Christian people are not in doubt as to the work that Christ did, they know that he redeemed us by his atoning death, even if they differ among themselves as to what exactly this involved.  But the average Christian, deep down, is in a complete fog as to what work the Holy Spirit does. (p68)

Packer focuses on two main reasons to see the Holy Spirit as important: (1) the inspiration of Scripture and (2) regeneration.  If it weren’t for the Holy Spirit, we wouldn’t have the Bible itself, because he inspired the authors to write it.  Nor would we have Christians, because the Holy Spirit is the one who convincts sinners and brings new life to their heart.  Packer is, of course, absolutely correct in making both points.

But part of me can’t help but note that there’s so much more than that.  This is the difficulty of a book like this, that Packer cannot dive deeper into what the Scripture teaches on a topic as broad (and crucial) as the person and work of the Holy Spirit.  If I could have placed a bet on what Packer would write about the Spirit, well, I’d be a rich man.  It’s a shame, however, because the predictability is disheartening: a charismatic would write about manifestations of the Spirit, a Reformed theologian would focus on inspiration and regeneration, many Baptists would focus on the fruit of the Spirit, and so on.  Each group is woefully partial in their emphases.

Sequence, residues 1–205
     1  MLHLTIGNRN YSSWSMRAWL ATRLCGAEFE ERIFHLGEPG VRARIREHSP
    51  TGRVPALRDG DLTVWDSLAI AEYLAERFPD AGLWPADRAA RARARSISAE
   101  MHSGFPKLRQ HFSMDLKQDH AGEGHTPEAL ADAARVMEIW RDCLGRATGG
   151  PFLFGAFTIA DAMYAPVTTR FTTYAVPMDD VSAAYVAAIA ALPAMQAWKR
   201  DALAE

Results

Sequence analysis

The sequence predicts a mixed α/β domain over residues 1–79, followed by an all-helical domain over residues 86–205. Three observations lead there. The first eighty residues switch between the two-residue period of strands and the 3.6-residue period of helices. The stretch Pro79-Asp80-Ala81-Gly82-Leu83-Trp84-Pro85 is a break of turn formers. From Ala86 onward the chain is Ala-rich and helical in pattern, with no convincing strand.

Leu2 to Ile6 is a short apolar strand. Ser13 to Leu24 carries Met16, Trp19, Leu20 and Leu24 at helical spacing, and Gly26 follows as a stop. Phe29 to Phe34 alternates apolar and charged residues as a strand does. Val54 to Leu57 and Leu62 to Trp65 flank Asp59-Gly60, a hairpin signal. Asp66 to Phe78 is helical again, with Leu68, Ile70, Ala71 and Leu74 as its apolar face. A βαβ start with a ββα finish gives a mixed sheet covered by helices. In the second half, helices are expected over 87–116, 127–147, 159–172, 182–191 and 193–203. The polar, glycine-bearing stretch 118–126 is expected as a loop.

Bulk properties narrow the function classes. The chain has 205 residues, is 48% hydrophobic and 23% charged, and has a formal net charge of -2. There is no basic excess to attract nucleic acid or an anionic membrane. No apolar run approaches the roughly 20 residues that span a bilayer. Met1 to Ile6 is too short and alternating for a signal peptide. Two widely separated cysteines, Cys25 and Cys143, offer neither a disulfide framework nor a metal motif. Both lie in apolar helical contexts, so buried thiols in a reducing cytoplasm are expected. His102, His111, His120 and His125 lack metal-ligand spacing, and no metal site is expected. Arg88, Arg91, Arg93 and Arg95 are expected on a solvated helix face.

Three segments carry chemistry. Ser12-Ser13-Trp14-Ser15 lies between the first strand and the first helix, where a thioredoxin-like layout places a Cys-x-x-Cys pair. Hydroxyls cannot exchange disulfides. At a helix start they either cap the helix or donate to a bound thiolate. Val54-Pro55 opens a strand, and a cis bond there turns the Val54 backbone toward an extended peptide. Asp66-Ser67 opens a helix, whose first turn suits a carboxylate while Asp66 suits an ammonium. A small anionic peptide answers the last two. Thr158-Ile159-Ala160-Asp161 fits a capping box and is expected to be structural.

And this is part of the problem Packer decries here in this chapter.  I could ask Packer: what about the spiritual gifts?  What does Paul mean when he calls the Spirit “a deposit” (Eph 1:14) or refers to the “firstfruits of the Spirit” (Rom 8:23)?  What does it mean to live/walk by/in the Spirit?  What does it mean to be filled by the Spirit?  Let me be clear- what Packer says about the Spirit is spot on and to be appreciated.  But I finish the chapter with more questions than answers, and can’t get away from what Gordon Fee always says about the Holy Spirit- that in the New Testament church, the Holy Spirit was an “experienced reality.”

I guess it’s unfair to knock Packer on this point, since he’s trying to keep everything short and sweet (though a couple more pages wouldn’t kill the reader).  I want to close by repeating his application points, which are excellent (71-72).

  • Do we honor the Holy Spirit in our faith, acknowledging the authory of the Bible?
  • Do we honor the Holy Spirit in our life, by seeking to apply the Bible he has inspired?
  • Do we honor the Holy Spirit in our witness, realizing that he alone does the convincted and saving?